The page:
CHA News Article

DHCS Releases Guidance to Medi-Cal Managed Care Plans on Providing Palliative Care

The California Department of Health Care Services (DHCS) has released the attached All Plan Letter (APL) informing Medi-Cal managed care health plans (MCPs) of their obligation to provide palliative care to Medi-Cal members, pursuant to Senate Bill (SB) 1004 (Chapter 574, Statutes of 2014).To fulfill the bill’s requirement that DHCS establish standards and provide technical assistance to MCPs for the delivery of palliative care, the department outlines its Palliative Care Policy specifying the minimum types of palliative care services MCPs must authorize when medically necessary for a Medi-Cal member who meets eligibility criteria. This APL advises MCPs that, effective Jan. 1, 2018, when a Medi-Cal member meets the minimum eligibility criteria for palliative care, MCPs must authorize palliative care without regard to age.

At a minimum, palliative care must include advance care planning, palliative care assessment and consultation, plan of care, palliative care team, care coordination, pain and symptom management, and mental health and medical social services. The APL further advises MCPs that they must have a process to determine the type of palliative care that is medically necessary or reasonable for eligible beneficiaries, and must have a large enough network of palliative care providers to meet their Medi-Cal members’ needs.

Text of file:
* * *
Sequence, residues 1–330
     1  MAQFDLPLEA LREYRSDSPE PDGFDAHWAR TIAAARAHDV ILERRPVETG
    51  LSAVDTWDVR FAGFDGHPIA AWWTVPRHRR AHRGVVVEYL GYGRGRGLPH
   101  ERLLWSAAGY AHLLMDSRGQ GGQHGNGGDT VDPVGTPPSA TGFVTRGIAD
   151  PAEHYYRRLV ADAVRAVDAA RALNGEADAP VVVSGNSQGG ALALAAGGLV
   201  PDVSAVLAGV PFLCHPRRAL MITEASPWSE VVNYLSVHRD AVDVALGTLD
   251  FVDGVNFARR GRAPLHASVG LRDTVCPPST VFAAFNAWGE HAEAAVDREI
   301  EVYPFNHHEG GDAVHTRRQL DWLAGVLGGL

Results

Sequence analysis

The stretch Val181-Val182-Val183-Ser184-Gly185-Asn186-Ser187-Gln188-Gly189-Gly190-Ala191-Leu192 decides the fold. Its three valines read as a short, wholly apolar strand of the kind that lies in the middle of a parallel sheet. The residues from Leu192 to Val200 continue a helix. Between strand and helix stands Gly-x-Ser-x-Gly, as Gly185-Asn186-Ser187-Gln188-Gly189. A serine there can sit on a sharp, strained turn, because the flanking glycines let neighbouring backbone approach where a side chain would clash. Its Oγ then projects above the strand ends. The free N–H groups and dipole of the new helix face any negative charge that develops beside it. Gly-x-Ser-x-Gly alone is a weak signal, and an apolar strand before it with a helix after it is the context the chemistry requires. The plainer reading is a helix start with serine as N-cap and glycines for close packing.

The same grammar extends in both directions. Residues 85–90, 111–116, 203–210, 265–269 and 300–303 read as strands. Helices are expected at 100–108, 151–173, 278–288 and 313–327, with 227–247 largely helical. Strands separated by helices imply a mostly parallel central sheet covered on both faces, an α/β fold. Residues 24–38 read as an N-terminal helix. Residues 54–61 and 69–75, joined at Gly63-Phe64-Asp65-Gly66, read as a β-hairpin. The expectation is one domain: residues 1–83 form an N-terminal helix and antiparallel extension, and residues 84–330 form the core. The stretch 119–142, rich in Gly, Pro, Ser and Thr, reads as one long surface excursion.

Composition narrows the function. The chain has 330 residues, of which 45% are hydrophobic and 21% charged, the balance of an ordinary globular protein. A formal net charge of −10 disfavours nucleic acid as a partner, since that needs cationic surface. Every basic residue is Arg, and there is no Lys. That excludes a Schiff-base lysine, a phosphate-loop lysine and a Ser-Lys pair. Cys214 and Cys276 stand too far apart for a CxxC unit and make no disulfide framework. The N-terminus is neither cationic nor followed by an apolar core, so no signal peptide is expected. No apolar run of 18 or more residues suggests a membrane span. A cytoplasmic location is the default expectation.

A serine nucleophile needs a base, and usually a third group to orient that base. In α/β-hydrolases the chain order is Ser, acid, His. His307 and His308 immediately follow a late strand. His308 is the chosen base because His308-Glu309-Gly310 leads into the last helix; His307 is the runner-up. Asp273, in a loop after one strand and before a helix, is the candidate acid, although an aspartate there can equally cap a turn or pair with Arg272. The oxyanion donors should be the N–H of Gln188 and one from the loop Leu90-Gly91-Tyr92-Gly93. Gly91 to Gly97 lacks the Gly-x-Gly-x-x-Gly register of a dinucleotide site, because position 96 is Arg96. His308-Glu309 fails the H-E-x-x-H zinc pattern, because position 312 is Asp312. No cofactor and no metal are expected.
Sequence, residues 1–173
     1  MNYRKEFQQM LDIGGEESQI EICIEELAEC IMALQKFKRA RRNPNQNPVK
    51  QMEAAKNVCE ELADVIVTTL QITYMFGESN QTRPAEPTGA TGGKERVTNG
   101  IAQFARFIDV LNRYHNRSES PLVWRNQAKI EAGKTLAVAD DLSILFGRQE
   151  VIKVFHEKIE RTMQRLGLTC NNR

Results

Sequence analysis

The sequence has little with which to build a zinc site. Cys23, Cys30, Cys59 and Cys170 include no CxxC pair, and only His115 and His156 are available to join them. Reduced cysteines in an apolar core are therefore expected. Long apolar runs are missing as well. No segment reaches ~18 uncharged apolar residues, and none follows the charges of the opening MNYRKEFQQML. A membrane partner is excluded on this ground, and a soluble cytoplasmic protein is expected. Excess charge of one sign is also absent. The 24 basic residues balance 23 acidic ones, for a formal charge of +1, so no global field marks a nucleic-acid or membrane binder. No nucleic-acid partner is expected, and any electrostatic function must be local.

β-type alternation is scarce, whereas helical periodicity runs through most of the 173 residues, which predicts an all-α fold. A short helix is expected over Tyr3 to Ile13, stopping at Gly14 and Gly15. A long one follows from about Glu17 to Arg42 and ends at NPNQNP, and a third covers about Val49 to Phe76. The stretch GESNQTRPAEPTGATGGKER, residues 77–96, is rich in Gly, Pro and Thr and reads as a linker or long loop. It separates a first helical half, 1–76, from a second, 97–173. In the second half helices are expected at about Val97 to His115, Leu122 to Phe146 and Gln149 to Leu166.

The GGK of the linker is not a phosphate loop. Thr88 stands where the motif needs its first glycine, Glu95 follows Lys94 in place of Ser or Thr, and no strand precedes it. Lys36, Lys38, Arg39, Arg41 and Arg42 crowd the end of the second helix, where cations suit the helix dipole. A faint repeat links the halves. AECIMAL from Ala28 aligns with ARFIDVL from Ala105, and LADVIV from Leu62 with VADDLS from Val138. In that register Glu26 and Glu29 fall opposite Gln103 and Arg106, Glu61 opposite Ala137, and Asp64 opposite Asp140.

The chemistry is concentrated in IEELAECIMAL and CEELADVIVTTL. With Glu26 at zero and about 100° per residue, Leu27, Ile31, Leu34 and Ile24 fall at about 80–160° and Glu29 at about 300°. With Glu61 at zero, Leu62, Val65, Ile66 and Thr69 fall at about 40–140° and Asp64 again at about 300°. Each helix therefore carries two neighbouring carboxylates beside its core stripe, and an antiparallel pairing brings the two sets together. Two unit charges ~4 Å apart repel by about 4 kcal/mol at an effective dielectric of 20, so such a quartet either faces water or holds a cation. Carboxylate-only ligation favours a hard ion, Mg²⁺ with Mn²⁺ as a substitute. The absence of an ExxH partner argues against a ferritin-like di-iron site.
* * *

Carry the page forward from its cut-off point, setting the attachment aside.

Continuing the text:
DHCS indicates that MCPs may authorize provision of palliative care in a variety of settings, including inpatient, outpatient or community-based settings. MCPs may also contract with hospitals, long-term care facilities, clinics, hospice agencies, home health agencies, and other types of community-based providers that include licensed clinical staff with experience or training in palliative care.

MCPs are required to develop written policies and procedures for palliative care that must describe how the MCP will meet the requirements for the palliative care benefit outlined in the APL as well as how MCPs will monitor and collect palliative care enrollment, provider and utilization data to report to DHCS. In addition, MCPs are responsible for ensuring that their delegates comply with all applicable state and federal law and regulations and other contractual requirements as well as DHCS guidance, including APLs and Dual Plan Letters. 

The requirements discussed in the APL specifically apply to Medi-Cal managed care members who are not dually eligible Medicare/Medi-Cal beneficiaries.